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What can we learn from other cultures' approach to parenting?

How much of how we parent is actually dictated by our culture? How do the ways we parent express the essentialness of who we are, as a nation? By exploring other cultures' values and techniques on parenting, we can apply globally-informed learnings towards solutions for early childhood development.

Photo of Alaine Newland
11 26

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Jennifer Senior, author of  All Joy and No Fun: The Paradox of Modern Parenthood, had an interesting discovery when she asked American mothers who they went to for parenting advice: "Mothers primarily named friends, websites and books. None named their own mothers. Only the most current child-rearing strategies were desired, in order to best position their children for achievement in the future."

How much of this is dictated by our culture versus personal beliefs? Let's take a look at some other countries' parenting techniques as explored in depth in this TED article by Amy S Choi:

- In Norway, parents believe that it is better for children to be in daycare as toddlers, and childhood is strongly institutionalized. Most children attend daycare at 1 year old and parents get almost a full year of state-sponsored leave from work.

- In Japan, kids as young as 7 years old don’t hesitate to take the Tokyo subways by themselves and walk on busy streets alone without supervision.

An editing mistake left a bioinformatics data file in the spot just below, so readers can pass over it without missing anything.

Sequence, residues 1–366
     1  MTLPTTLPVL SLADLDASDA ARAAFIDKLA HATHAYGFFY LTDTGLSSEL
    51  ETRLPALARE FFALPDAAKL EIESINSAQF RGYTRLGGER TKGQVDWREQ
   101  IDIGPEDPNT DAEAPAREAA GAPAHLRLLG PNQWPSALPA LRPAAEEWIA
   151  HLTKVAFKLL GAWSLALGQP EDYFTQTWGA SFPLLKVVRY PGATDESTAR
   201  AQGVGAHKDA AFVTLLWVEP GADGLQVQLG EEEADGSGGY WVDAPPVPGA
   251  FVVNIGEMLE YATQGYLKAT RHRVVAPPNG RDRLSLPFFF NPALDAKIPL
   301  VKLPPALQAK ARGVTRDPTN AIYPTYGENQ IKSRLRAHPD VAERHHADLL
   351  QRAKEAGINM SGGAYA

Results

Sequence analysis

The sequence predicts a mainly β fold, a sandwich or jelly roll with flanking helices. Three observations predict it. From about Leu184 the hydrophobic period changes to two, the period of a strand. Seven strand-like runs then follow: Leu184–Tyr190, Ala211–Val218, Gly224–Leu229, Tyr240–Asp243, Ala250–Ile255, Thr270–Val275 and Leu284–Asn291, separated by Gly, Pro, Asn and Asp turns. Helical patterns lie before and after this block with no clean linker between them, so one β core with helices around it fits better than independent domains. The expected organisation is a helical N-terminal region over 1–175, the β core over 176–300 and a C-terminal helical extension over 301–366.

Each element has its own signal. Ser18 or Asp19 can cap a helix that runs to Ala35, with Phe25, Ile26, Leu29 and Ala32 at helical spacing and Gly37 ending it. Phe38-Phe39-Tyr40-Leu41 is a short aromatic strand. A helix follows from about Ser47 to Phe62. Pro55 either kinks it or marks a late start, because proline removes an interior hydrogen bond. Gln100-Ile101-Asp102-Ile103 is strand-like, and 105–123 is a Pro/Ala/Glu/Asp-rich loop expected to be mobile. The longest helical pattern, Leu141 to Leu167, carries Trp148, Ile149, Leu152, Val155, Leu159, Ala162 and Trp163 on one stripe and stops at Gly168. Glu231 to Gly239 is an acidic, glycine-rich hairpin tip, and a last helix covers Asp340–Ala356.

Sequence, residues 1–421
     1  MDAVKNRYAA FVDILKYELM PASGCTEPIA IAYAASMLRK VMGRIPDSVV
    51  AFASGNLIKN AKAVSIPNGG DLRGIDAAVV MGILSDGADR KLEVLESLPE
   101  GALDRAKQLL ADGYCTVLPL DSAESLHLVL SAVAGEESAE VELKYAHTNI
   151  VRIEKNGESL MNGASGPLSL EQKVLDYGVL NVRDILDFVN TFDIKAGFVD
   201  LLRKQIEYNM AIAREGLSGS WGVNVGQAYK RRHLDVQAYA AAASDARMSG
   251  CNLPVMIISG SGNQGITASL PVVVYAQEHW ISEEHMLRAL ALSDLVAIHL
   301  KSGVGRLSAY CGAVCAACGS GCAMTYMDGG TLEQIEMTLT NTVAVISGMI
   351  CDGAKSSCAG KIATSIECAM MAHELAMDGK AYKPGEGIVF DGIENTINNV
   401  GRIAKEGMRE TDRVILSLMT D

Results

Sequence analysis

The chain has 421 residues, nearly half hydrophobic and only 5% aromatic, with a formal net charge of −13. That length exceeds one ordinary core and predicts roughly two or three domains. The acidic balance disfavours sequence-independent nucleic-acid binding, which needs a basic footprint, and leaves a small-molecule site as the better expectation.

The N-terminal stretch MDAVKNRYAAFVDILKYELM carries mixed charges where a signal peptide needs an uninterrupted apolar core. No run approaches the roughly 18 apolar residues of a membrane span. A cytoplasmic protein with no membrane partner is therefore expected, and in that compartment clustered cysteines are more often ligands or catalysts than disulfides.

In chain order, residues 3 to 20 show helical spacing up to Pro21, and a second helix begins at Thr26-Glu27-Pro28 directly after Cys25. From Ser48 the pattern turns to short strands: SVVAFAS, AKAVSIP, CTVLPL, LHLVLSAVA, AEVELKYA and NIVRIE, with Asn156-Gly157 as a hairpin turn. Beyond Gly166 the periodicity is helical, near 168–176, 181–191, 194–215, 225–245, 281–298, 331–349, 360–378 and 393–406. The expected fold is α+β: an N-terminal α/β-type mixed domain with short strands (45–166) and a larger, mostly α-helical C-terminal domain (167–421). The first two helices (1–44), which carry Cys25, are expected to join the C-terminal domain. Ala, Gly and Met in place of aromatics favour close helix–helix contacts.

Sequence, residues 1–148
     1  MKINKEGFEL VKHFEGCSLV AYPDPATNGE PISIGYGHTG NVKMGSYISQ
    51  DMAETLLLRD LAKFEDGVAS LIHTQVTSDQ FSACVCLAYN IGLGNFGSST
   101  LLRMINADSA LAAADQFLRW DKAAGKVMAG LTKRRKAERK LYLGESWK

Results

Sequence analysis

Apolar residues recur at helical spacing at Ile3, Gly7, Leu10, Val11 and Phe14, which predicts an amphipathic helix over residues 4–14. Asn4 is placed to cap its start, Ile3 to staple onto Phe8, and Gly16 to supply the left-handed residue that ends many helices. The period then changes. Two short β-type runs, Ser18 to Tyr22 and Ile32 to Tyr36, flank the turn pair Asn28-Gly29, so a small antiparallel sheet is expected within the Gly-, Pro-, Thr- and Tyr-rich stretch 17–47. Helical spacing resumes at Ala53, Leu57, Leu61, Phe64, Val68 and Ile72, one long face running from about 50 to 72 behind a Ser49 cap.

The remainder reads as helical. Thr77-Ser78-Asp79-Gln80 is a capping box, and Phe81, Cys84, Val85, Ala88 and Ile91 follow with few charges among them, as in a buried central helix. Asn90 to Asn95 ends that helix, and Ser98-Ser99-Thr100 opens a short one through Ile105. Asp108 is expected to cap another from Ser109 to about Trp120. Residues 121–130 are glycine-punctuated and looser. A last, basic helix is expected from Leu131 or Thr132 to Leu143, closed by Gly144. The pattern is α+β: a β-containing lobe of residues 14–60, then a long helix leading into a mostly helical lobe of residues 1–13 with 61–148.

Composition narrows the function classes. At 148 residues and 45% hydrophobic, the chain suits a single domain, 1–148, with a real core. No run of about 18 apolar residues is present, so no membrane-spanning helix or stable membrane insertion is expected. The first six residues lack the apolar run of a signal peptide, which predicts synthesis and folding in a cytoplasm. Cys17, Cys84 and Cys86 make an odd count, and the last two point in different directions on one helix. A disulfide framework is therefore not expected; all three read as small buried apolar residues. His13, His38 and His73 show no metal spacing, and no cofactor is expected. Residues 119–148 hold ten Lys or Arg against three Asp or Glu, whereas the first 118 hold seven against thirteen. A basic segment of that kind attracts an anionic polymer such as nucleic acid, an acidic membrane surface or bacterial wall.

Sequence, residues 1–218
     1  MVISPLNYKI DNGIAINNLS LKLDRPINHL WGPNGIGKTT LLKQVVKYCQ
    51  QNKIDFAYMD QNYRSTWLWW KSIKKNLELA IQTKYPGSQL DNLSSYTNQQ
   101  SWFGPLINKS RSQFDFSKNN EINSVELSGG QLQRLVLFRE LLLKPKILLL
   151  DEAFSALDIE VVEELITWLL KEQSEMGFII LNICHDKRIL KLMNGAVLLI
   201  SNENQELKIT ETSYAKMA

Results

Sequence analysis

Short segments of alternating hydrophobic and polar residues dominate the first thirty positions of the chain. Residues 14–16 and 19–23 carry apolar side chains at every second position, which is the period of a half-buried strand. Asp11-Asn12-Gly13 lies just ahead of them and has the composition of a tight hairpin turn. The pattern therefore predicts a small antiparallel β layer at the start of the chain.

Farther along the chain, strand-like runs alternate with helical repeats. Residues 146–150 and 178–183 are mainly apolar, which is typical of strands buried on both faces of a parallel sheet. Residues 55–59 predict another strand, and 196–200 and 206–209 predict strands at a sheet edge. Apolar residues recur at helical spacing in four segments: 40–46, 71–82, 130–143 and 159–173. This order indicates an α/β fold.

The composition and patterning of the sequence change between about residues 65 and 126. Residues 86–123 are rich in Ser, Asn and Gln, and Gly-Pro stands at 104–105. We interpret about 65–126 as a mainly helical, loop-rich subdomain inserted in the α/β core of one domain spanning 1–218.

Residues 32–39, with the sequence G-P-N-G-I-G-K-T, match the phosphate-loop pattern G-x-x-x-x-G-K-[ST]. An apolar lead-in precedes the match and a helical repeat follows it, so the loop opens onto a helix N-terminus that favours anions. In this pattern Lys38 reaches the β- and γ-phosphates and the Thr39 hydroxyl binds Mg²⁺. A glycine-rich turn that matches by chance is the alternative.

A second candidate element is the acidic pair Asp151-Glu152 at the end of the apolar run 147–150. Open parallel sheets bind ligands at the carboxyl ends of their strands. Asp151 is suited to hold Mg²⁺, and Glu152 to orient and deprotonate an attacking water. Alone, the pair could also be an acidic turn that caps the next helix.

- In Sweden, the “rights” of a child are important. For example, a child has the “right” to access their parents’ bodies for comfort, and therefore should be allowed into their parents’ bed with them in the middle of the night. If a parent doesn’t allow them, they are both denying them their rights and being a neglectful parent.

- Korean parents spend more time holding their babies and having physical contact than most. But within a family, obedience is key — not democracy."

- In Jewish tradition, there’s a teaching in the Talmud that every parent has an obligation to help their children develop self-reliance and resourcefulness and resilience. It is taught that we must raise our children to eventually leave us and allow our children to make mistakes.

- American parents are highly focused on making sure that children are groomed for success. "Nearly 25 percent of all of the descriptors used by American parents were a derivation of “smart,” “gifted” or “advanced.” Our sense of needing to push children to maximize potential is partly driven by fear of the child failing in an increasingly competitive world where you can’t count on the things that our parents could count on.”